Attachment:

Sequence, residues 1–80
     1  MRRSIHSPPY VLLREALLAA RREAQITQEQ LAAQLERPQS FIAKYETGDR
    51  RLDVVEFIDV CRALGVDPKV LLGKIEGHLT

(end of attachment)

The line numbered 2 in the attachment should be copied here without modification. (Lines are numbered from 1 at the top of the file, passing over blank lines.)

     1  MRRSIHSPPY VLLREALLAA RREAQITQEQ LAAQLERPQS FIAKYETGDR